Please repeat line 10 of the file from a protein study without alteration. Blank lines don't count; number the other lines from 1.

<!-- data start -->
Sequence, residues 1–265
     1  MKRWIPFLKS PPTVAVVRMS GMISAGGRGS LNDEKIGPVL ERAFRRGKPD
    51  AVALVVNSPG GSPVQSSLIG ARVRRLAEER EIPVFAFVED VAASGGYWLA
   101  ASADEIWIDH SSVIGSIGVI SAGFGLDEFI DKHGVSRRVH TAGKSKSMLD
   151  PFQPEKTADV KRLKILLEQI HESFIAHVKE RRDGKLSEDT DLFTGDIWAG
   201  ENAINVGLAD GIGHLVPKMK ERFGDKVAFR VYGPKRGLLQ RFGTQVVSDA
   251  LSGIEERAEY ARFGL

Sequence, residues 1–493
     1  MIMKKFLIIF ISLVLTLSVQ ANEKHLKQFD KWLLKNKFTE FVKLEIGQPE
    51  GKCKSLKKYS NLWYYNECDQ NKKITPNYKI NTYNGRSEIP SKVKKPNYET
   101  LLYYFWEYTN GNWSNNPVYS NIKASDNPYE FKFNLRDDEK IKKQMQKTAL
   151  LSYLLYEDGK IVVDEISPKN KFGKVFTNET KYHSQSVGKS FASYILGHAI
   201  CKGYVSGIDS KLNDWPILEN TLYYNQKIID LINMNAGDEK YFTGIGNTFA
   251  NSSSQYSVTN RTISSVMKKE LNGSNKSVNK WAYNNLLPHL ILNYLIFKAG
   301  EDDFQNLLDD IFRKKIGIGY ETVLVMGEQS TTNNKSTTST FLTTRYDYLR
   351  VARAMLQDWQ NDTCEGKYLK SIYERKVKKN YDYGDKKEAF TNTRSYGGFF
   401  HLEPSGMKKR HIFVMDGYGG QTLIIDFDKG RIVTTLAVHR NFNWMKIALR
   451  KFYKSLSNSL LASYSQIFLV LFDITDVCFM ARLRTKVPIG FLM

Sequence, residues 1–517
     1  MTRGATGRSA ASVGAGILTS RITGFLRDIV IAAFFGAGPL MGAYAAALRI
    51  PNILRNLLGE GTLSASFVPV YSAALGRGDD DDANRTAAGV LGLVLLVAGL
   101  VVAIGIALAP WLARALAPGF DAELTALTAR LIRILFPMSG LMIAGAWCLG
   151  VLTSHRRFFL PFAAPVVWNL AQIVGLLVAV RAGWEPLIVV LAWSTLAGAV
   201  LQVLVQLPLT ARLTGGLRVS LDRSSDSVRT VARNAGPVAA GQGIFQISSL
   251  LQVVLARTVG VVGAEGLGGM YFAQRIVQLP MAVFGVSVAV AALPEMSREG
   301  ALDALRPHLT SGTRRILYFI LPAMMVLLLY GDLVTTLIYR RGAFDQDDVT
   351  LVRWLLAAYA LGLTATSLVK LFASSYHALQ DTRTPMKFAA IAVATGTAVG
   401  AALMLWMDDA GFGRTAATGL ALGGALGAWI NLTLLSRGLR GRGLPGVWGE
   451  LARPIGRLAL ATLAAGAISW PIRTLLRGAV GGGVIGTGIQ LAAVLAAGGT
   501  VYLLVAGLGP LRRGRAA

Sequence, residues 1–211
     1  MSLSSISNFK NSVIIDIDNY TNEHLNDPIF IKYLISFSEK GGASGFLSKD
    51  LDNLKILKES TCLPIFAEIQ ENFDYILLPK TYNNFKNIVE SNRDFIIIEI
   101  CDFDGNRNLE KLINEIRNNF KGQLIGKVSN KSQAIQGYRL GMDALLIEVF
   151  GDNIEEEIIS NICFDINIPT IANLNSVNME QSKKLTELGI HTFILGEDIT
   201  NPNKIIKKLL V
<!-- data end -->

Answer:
    51  GKCKSLKKYS NLWYYNECDQ NKKITPNYKI NTYNGRSEIP SKVKKPNYET